Smokeless Tobacco Is No Longer a Laughing Matter

Article excerpt

Casey Stengel used to enjoy sitting with Danny Murtaugh in the dugout before the game when the New York Mets were playing the Pittsburgh Pirates. They'd sit and talk and Murtaugh would spray tobacco juice repeatedly on Stengel's shoes. And Stengel would fan his fingers across his smile and pretend he didn't notice.

It was charming Americana, like driving to spring training through Virginia and North Carolina and seeing all those barns painted up as billboards for Red Man chewing tobacco. Or Beech Nut or Red Horse, or Copenhagen snuff.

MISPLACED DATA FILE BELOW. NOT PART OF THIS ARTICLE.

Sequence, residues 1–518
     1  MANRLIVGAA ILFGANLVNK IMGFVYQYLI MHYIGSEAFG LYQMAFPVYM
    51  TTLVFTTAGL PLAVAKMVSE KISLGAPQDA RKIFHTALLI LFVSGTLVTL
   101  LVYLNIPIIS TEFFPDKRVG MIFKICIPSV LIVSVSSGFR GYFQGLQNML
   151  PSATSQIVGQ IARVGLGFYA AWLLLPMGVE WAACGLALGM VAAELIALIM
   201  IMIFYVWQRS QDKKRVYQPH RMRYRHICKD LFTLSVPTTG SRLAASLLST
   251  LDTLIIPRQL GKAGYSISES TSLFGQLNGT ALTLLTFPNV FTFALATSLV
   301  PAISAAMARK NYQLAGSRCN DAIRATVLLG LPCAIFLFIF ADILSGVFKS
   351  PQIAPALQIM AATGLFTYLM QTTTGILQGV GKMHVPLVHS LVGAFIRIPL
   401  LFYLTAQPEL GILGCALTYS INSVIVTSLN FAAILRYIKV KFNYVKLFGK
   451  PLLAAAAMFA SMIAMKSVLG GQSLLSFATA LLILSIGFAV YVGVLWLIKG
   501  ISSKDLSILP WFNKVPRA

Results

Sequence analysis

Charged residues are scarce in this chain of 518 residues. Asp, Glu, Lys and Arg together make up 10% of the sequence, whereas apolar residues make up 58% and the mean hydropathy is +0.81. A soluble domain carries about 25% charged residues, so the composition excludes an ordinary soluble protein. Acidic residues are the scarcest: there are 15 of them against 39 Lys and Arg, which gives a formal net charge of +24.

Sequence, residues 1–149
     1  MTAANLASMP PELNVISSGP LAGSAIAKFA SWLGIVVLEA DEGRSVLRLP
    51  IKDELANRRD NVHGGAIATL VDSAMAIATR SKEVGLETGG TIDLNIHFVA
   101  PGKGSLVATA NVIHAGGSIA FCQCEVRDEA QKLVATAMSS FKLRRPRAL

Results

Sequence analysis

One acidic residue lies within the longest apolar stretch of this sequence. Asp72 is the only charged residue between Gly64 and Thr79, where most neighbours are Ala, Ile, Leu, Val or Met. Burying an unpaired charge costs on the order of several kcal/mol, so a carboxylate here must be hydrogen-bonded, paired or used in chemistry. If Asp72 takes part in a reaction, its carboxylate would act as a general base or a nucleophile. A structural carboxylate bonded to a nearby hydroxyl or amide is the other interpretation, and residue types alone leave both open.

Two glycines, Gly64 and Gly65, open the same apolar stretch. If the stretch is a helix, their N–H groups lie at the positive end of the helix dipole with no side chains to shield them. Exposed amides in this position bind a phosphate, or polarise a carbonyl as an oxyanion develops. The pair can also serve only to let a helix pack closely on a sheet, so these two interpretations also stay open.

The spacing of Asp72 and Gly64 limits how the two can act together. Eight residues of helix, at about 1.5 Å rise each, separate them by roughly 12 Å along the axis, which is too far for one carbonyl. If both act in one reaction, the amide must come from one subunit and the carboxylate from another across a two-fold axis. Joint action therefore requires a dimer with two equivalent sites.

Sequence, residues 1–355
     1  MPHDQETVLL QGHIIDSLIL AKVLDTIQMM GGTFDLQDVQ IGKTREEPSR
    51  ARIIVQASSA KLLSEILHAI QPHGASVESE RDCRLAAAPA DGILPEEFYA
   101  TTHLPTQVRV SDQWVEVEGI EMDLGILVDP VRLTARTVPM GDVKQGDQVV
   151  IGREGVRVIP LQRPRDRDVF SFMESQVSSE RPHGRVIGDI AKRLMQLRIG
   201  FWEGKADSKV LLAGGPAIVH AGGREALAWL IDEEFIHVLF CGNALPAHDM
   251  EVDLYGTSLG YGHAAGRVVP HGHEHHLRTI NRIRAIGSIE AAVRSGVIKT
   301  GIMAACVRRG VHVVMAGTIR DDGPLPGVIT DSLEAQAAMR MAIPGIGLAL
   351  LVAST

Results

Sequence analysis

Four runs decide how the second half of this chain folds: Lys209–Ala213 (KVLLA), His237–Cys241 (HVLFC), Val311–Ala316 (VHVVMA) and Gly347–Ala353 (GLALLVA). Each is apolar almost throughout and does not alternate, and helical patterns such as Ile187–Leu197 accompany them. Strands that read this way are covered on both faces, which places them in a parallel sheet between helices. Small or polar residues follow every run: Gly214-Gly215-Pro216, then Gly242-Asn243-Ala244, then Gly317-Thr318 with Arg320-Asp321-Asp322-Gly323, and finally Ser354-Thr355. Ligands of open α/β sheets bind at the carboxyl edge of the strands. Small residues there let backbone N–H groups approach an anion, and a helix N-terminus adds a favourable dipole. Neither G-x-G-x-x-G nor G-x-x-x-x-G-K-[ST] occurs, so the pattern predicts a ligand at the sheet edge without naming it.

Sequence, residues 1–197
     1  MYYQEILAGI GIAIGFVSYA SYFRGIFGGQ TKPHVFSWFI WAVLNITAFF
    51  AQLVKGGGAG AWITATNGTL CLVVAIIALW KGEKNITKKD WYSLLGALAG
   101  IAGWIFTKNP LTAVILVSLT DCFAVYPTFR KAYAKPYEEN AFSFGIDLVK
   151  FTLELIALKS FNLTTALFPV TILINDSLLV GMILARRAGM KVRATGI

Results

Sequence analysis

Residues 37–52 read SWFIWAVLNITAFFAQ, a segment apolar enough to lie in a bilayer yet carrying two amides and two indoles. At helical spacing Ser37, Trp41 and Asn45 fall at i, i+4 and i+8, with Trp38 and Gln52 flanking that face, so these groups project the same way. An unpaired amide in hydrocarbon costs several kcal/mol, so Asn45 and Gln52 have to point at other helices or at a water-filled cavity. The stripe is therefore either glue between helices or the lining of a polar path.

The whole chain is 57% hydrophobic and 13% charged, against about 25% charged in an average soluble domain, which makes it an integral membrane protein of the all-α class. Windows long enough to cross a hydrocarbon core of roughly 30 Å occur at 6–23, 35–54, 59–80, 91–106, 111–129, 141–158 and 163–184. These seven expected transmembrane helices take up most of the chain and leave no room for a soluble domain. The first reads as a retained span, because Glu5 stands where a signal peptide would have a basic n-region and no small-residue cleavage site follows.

Ballplayers would dare a reporter to come near them by spraying a line in the sand. Not so long ago, a Russian baseball team came to Long Island to play some games and one of the Russian kids told of trying chew because that's what American kids did. He got sick. We laughed together. I knew a lot of stories. They were funny, even ridiculous, but reality drowned in the laughter. Maybe we still don't know better. Joe Garagiola tells funny stories when he makes his rounds of training camps with Bill Tuttle, the former outfielder. "He was so handsome," former Met Joe Pignatano said. "Now, it's awful." Tuttle had most of his lower jaw removed because of cancer traced to years of chewing tobacco. It's part of the lore of baseball. Pete Harnisch began when he was a freshman at Fordham. That's what baseball players did; you could see them chew and spit on TV every day. I grew up hearing Red Barber describe the player whose chaw was so big it was a wonder how he could walk straight. We're hearing how Harnisch suffered trying to withdraw from chewing tobacco. We're told that the physiological grip of nicotine addiction is stronger than that of heroin or cocaine. Doctors say they're not sure whether chewing tobacco had a direct effect on Harnisch's disabling problem; it might have contributed. Harnisch's situation gives us some insight into the peril of smokeless tobacco. Its use is forbidden by the NCAA, the Cape Cod League, the minor leagues and goodness knows what else. But it's still done. We still laugh. Sure, I tried chewing tobacco - probably because it seemed like a big-league thing. Even glamorous. There was an item in a gossip column Tuesday that Carolyn Murphy, a top model, chewed because her brothers chewe d growing up in the Florida panhandle. I chewed twice while walking guard duty at Fort Bragg. Nothing to do but stay awake, and lots of room to spit. I got only a little light-headed. One of my first interviews for this newspaper was Sammy Baugh, at the first training camp of the old New York Titans at West Point. Sammy was a good old Texan. He was wearing underwear, sitting in his bed watching a western on TV and spitting an amber liquid into this hotel water glass. Steve Hamilton, one of the best people I've ever known in sports, played basketball for the Los Angeles Lakers and pitched in the World Series for the New York Yankees. And he chewed. He said at home in Kentucky that he'd keep a coffee can on the floor of the car so he could drive and spit. One time, he made a hard turn and the can toppled over and his wife got really angry. Another time, he relieved in the first inning in 95 degrees in Kansas City, got a little light-headed around the fifth and in the eighth inning, threw up on the mound. …


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